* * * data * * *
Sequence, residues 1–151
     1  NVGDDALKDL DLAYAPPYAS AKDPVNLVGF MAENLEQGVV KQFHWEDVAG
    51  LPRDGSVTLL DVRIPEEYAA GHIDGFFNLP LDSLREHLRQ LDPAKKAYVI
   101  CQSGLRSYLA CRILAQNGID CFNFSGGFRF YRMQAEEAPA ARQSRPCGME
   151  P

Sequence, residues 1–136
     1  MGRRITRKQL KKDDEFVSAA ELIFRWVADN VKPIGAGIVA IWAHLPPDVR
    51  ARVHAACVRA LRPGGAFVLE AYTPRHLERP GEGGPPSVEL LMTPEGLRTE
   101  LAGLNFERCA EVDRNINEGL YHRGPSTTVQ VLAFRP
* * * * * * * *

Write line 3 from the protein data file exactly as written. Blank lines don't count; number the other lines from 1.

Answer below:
    51  LPRDGSVTLL DVRIPEEYAA GHIDGFFNLP LDSLREHLRQ LDPAKKAYVI